The department for transport has published a statistical release on trends and patterns in freight traffic and handling at UK sea ports. The UK has a large shipping and trade sector and a number of ports which vary significantly in size. In 2017 a total of 470.7 million tonnes of goods passed through UK major ports, both import and export, a figure which remains broadly unchanged from 2016. However, the total tonnage handled by minor ports in the UK fell by 1% to 11.1 million tonnes from 2016-17. Felixstowe, one of the East of England’s largest ports, retained its ranking of 6th in terms of most cargo handled by British ports in 2017 with 29 million tonnes of goods passing through its yards. More information on the statistical release can be found here.
 

July 2018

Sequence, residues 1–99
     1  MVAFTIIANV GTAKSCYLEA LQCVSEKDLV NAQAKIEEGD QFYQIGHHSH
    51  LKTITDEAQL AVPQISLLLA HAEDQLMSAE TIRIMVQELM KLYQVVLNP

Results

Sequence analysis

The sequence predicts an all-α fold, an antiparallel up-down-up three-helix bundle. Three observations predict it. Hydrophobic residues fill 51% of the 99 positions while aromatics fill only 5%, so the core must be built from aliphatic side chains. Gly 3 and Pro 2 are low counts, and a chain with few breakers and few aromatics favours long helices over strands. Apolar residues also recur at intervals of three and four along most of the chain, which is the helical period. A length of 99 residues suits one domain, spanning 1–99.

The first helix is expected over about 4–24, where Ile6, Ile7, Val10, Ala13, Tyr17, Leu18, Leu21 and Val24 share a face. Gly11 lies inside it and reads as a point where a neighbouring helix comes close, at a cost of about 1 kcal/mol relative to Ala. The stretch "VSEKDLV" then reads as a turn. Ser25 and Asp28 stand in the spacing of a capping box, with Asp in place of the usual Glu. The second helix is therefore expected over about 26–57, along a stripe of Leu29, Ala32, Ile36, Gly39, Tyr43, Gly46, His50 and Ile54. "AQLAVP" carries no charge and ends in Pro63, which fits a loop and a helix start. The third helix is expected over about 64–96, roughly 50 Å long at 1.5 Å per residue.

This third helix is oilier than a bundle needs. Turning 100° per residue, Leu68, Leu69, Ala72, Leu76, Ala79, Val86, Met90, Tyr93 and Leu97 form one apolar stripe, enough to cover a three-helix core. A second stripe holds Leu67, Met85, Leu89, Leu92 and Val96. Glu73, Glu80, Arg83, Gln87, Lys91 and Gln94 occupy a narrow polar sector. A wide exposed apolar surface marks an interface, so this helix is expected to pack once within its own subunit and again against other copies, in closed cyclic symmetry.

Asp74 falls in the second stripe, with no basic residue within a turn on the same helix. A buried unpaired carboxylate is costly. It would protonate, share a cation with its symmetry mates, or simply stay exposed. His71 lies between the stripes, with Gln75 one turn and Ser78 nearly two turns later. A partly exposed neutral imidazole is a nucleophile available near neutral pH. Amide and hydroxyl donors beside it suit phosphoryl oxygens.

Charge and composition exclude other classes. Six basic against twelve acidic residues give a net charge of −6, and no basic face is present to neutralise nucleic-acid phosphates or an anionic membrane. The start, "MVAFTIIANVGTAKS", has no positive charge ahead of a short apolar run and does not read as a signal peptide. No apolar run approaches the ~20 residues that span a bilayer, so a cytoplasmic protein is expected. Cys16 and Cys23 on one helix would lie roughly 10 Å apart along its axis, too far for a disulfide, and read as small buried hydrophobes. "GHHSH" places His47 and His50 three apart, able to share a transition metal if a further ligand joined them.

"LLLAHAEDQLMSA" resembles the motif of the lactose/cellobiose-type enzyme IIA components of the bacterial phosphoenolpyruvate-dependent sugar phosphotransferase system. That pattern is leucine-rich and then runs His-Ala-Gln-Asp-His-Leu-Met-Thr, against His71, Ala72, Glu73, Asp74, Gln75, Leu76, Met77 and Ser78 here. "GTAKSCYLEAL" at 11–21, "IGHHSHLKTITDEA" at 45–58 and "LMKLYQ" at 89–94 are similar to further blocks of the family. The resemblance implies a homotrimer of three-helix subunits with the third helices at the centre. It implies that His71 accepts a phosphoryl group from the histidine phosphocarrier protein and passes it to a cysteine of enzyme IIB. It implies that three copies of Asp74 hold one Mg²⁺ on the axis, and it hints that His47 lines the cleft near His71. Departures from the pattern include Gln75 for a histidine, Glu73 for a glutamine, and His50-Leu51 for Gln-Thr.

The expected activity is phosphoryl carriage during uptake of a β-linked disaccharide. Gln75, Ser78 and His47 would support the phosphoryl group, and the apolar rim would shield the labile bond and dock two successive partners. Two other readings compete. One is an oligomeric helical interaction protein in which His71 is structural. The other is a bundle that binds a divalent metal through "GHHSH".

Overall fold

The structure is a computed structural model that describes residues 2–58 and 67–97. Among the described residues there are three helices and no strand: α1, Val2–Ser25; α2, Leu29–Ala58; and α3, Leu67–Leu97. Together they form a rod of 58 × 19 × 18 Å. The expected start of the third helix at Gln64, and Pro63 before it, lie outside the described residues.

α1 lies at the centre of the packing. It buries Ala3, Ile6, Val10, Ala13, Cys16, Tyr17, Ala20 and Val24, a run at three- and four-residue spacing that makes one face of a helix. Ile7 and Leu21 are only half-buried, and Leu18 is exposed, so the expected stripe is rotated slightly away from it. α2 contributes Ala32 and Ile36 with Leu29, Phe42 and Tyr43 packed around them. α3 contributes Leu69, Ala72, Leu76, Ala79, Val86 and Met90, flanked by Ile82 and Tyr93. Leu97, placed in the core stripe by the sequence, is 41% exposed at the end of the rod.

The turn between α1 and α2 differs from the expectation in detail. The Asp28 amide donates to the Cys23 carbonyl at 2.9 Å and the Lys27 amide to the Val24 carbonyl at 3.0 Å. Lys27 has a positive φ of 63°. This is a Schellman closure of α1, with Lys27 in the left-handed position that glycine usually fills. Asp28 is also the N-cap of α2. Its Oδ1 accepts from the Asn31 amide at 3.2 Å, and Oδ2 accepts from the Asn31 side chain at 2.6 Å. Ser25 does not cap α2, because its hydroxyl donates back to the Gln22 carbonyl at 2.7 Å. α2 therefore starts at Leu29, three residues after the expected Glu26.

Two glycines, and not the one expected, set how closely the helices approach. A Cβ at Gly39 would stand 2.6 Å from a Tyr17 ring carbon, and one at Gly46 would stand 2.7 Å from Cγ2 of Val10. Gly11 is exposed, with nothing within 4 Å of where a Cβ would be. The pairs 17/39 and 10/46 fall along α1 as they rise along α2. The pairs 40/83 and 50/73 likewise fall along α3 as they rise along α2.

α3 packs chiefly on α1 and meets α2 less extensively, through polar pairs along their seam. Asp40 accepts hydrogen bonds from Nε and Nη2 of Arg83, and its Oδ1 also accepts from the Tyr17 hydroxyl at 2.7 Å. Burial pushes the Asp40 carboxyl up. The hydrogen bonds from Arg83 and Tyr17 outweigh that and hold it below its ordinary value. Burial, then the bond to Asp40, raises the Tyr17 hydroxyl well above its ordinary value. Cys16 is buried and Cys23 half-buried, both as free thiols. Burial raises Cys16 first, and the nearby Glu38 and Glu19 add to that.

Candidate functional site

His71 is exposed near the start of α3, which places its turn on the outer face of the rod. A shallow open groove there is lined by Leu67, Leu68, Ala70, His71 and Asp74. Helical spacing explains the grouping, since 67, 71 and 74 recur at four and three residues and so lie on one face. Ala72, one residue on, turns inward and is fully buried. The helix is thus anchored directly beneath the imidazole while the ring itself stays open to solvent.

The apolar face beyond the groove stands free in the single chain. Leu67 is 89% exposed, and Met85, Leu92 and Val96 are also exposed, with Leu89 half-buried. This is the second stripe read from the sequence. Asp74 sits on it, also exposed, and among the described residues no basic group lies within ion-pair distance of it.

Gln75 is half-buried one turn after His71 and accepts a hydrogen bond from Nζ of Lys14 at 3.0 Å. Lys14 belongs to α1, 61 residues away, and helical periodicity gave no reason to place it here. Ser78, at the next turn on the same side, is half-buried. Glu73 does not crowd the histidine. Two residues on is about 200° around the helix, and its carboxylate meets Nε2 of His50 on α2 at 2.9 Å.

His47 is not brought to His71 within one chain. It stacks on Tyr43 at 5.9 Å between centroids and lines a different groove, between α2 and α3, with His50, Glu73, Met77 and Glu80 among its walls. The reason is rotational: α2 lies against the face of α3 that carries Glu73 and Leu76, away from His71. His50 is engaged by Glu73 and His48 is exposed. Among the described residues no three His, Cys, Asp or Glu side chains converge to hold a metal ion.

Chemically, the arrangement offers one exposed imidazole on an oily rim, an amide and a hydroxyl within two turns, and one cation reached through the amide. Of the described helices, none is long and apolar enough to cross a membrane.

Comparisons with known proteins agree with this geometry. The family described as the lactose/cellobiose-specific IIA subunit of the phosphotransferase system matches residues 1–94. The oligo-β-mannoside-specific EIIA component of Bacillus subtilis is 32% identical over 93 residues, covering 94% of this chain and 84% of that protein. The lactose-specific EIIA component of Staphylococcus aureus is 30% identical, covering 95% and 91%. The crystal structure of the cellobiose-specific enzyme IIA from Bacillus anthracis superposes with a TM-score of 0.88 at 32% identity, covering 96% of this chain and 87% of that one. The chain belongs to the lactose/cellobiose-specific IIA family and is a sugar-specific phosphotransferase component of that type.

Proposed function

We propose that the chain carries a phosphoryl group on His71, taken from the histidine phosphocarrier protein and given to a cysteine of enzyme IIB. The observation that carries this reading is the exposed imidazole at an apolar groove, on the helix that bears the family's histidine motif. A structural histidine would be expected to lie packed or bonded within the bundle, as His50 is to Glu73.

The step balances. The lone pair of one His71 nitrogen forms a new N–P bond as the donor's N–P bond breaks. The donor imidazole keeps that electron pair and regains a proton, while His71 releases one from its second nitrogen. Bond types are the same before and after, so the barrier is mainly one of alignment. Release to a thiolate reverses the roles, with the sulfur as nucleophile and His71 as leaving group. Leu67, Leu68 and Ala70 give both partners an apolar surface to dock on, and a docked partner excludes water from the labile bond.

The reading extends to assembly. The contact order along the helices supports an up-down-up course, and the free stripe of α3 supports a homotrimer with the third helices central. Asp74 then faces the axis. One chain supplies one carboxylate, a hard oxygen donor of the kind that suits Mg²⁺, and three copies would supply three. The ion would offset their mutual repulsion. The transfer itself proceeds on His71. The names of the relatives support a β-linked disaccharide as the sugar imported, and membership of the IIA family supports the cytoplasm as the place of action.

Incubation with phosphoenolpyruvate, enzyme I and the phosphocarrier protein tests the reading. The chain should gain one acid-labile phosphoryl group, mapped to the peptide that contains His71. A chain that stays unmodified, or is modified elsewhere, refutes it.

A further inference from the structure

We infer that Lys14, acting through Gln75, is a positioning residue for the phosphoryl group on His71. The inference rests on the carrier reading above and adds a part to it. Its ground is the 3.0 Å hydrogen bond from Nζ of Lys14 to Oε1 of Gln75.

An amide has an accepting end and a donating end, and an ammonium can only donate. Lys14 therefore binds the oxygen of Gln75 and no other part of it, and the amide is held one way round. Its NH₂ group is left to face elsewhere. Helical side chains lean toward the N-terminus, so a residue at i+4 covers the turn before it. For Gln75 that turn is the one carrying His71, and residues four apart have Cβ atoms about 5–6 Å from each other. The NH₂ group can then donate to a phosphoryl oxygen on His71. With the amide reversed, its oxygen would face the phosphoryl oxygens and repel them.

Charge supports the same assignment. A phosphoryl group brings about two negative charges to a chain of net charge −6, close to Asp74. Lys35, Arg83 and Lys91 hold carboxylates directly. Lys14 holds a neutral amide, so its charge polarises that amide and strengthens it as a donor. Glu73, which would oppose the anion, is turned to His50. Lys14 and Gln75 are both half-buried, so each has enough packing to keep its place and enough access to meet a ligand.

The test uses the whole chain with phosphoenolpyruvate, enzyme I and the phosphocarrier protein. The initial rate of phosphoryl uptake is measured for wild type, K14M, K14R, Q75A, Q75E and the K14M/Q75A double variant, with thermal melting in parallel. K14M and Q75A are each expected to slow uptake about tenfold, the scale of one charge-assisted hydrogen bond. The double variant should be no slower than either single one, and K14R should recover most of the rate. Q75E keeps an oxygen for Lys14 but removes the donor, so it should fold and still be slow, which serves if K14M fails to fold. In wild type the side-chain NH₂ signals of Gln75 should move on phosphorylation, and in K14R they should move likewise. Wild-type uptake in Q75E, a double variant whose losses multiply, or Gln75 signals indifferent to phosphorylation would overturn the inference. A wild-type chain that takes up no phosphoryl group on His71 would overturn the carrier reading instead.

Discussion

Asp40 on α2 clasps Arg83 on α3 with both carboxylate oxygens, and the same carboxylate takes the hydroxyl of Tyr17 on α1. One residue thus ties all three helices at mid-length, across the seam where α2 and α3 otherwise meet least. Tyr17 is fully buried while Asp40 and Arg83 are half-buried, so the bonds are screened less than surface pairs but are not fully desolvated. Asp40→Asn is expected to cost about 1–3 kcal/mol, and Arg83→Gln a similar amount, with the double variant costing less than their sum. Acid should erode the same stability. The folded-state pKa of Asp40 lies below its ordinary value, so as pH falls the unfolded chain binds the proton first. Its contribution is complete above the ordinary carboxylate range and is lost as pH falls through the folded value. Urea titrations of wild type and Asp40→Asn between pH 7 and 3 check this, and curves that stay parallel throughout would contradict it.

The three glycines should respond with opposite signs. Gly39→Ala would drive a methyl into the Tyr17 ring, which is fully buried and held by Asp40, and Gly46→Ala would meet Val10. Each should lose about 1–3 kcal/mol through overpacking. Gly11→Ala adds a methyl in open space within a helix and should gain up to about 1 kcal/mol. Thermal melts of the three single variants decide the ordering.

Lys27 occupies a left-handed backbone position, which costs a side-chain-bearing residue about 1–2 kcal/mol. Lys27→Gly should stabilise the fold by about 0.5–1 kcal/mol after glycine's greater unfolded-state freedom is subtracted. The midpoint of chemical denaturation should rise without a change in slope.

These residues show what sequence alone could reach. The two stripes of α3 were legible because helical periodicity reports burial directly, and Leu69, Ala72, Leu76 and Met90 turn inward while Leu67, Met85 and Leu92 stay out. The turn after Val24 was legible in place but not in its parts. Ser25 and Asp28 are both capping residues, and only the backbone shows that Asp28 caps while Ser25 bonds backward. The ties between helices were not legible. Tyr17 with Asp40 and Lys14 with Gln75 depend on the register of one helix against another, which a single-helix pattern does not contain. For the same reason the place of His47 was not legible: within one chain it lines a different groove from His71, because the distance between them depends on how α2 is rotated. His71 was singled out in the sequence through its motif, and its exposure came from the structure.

European Parliament pushes back on changes to working conditions for lorry drivers
A series of legislative proposals on changing rules on conditions of work for lorry drivers across the EU has been delayed by the European Parliament after a plenary vote was rejected to open negotiations on the proposals with the Council of the EU. The proposals form the ‘social’ part of a major package of legislative updates to EU-wide transport rules ranging from introducing mandatory standards on CO2 monitoring for heavy goods vehicles to updates to toll-payment mechanisms for public infrastructure projects.

Following a report by the Parliament’s Transport Committee which recommended opening negotiations on the texts with the Council, an alliance of MEPs from the Green, Nordic Green Left and other left-wing fringe parties in the Parliament forced the report to a full plenary vote where it was rejected in favour of more time to lay further amendments to the legislation. Central to the concerns of MEPs are changes to rules which, they argue, could see a relaxation on the number and duration of mandatory rest periods for lorry drivers which some worry would undermine working conditions across Europe.